Use of interactive elements within open access public areas

The ability to touch and play with interactive elements in arts and cultural spaces is key to the learning experience.

We define interactive elements as any resource or activity that invite touch and manipulation as part of the cultural learning experience. This could involve digital technology (e.g. touch screens), physical and mechanical play (e.g. building blocks, dressing up, trails), museum object handling (e.g. specimens, sculptures, art pieces, décor), creative activities (e.g. making art and craft) and sensory aids (e.g. phonic/audio devices, large print books/tactile panels, braille labels, smell stations). These are likely to be in open access public areas.

The interactive elements of galleries and learning spaces and attendant risk of transmission need to be thoroughly risk assessed and control measures put in place to create a Covid Secure environment.

Ask yourself:

  • Will this area of the building or space be open initially?
  • What is the interactive made of, and what risk factor does that carry?
  • How many opportunities are there for touch, and how can risk be mitigated?
  • How might any control measures impact on accessibility for audiences with additional needs; and what reasonable adjustments can be made?
  • Can you replace sections of the interactive to make them more secure through use of different materials, instructions, covers or sanitiser?
  • Are you working with venue teams around cleaning rotas?
  • If removal is the safest option, what are the timescales for re-introduction and where are these stated?
  • Can you safely remove interactive elements from displays and galleries such as sketch pads, drawing stations, handling objects and any dressing-up garments and props?
  • With interactive areas which cannot be removed, can these be covered, and signs placed explaining why?
  • Can you implement a stricter cleaning programme for high-touch areas and ensure your audiences are aware of this?

The following table illustrates popular interactives and example control measures to reduce the risk of Covid-19 transmission:

Interactive typeConsiderations/Control Measures
Sensory aids, i.e. anything that might require on- or near-facial contact (e.g. phonic or binocular devices)Due to the potential of direct contact with the face, eyes, nose, etc. these devices can be high risk.

For audio guide technologies, are you able to sanitise effectively between users? Can equipment be single use? What are the waste or environmental impacts?

Will this impact on equality and access needs?

Are there lower risk alternatives to provide the same information? E.g. speakers and automated triggers, additional interpretation, QR codes that can trigger the experience on a personal device?

Can you remove or prevent access to fixed sensory interactives?
Large print guides, tactile drawings and maps, etc.Can they be monitored and cleaned between uses? Whose role will this be? Will this impact on staffing?

Is single use possible? What is the environmental impact of this?

Will this impact on equality and access needs?

Are there possible alternatives? E.g. making available online (large print guides) or small, socially distanced tours for audiences with additional needs?
Digital touchscreensCould the digital content be left on a loop?

Are there alternative ways for visitors to engage, e.g. through the use of a stylus? (Could you lend styluses to be sanitised for re-use or give them away?)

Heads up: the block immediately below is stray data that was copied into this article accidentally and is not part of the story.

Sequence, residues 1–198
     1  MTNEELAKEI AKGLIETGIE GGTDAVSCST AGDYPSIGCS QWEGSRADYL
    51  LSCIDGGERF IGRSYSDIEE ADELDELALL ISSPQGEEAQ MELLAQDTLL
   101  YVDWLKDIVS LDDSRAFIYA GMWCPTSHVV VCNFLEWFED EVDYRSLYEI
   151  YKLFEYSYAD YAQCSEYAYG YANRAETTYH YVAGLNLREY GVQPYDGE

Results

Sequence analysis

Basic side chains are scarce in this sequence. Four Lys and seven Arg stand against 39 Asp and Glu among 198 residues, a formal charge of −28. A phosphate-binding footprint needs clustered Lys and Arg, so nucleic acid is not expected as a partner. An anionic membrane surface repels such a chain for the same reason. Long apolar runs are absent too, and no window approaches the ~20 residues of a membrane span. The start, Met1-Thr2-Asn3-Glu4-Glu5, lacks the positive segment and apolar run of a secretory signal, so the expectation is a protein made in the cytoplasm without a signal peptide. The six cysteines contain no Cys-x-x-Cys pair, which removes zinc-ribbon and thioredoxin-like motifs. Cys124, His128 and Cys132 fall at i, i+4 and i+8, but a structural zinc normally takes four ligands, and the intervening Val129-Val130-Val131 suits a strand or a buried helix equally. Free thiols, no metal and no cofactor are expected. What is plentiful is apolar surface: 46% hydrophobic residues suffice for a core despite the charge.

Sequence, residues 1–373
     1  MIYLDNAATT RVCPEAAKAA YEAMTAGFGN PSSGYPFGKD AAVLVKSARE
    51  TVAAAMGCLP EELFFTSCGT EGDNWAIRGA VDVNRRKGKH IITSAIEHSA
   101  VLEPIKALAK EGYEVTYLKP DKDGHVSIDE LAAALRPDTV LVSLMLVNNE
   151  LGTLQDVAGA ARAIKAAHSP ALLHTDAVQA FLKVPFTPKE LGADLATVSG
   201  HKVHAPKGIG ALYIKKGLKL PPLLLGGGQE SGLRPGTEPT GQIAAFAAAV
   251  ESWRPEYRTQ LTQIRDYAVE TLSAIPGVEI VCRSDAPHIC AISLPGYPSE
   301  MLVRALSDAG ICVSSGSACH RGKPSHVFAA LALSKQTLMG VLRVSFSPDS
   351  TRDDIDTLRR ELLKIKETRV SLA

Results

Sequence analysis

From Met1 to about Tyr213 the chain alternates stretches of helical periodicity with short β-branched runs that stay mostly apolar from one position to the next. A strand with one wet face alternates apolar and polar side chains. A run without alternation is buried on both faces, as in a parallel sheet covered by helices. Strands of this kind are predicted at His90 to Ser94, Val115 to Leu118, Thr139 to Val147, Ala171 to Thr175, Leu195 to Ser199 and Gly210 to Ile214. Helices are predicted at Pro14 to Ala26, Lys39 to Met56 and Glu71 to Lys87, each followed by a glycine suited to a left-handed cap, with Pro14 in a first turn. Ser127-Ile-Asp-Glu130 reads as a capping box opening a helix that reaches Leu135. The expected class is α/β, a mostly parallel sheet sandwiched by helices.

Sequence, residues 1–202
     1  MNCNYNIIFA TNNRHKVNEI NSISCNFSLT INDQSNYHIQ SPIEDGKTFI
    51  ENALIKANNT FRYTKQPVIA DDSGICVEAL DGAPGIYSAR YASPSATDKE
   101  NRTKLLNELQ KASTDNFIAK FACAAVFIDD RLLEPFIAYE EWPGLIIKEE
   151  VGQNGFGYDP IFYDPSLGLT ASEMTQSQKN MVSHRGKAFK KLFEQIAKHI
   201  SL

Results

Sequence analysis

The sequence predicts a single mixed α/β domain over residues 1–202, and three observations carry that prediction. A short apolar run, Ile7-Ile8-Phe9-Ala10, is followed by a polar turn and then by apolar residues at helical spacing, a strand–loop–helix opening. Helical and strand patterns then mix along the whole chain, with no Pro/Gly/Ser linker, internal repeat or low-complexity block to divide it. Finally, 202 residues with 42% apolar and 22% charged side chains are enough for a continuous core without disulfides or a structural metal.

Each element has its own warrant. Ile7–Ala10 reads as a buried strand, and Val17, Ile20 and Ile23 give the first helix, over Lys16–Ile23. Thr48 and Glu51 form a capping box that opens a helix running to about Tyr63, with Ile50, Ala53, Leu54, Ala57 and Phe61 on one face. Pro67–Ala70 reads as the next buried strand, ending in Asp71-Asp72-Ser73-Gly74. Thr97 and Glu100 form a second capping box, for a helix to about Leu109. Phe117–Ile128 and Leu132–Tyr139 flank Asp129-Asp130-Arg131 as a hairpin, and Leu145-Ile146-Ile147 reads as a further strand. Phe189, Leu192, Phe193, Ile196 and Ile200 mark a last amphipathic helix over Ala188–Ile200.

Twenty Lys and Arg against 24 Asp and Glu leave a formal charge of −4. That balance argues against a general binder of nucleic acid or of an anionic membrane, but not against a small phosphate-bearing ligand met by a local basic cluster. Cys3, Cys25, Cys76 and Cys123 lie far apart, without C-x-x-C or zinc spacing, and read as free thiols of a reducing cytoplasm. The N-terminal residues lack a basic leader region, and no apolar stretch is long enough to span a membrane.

Are there alternative triggers such as floor or foot, RFID, gesture recognition technologies, voice control. etc.? (Touching screens may still be the default, familiar response.)

Would the provision of hand sanitiser and additional cleaning with associated signage minimise the risk?

Are there alternatives such as traditional interpretation or explainers?
Touch objects and physical interactivesWhat is the object made of and can it be sanitised? What could be used to prevent any damage to the object? Is there a conservator you can seek advice from?

Would the provision of hand sanitiser and additional cleaning with associated signage minimise the risk?

Would frequent touching from hands with sanitiser damage the object?

If it is not possible to touch the object, is it possible to temporarily remove or prevent access, or would signage suffice?

For handling collections or objects, is it possible to clean between usage or rotate collections to enable quarantine?
Art/craft activitiesIs it possible to sanitise equipment between usage?

Would single use equipment be possible or sustainable?

You may be able to secure funding to provide activity packs for children to use onsite or at home afterwards.

Also see this summary of approaches to interactives during Covid-19 put together by colleagues at the Natural History Museum and Science Museum.

If an activity cannot be made Covid Secure, there needs to be a clear strategic direction around its temporary removal, including procedures, risk level and a plan with timelines that defines the conditions under which these activities (or similar) will be returned. Developmentally, this may be a good point at which to work with audiences to refresh older interactives or think about enhancing the offer.

Case studies

The Wonderlab at the Science Museum is open. Visitors must pre-book a ticket to enter the Museum, and they are then limiting the number of people who can enterWonderlabat any one time. Visitors with a Wonderlab Annual Pass can book a free timeslot online in advance by logging into their account.  

The Rijksmuseum are using their multimedia tours, which will be disinfected between each use.      

The Cincinnati Museum Center has put their digital interactives on a downloadable app.  

Very high-touch play environments, such as Children’s Museums in the USA, currently remain closed.